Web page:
Urology researchers at the Duke Medical Center want to study the delivery of gemcitabine, a chemotherapy, through the bladder under varied temperatures in order to improve how it is currently administered to bladder cancer patients. Pig bladders and their geometries are quite similar to human bladders, and are useful for early stage research. This 3D printed mesh structure was designed to support the bladder in the shape it would be in within a pig while allowing maximum bladder surface area in contact with a solution of gemcitabine.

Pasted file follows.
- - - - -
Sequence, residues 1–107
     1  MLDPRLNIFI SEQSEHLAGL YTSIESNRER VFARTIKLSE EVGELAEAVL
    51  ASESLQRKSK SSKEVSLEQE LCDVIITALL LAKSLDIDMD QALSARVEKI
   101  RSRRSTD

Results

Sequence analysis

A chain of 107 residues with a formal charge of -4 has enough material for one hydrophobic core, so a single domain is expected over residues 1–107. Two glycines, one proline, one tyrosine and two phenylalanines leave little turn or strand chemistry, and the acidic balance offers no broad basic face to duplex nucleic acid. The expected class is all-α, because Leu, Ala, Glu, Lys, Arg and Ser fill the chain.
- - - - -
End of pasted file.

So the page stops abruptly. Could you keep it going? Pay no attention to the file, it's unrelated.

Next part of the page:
This support structure will be printed on metal printer at Duke's Bluesmith service with 17-4 stainless steel. It is mounted to the lid of an acrylic box, which will hold a solution of gemcitabine. This material will be strong and long-lasting, even when exposed to caustic gemcitabine solutions for extended periods of time, and is still affor. The support can be easily and frequently opened by removing the nut on the support rod opposite the hinge, freeing the bottom to move on the hinge. The opening of the pig bladder and equipment to change pressure and record conditions within the bladder will pass through the 3 cm ring in the top of the support structure.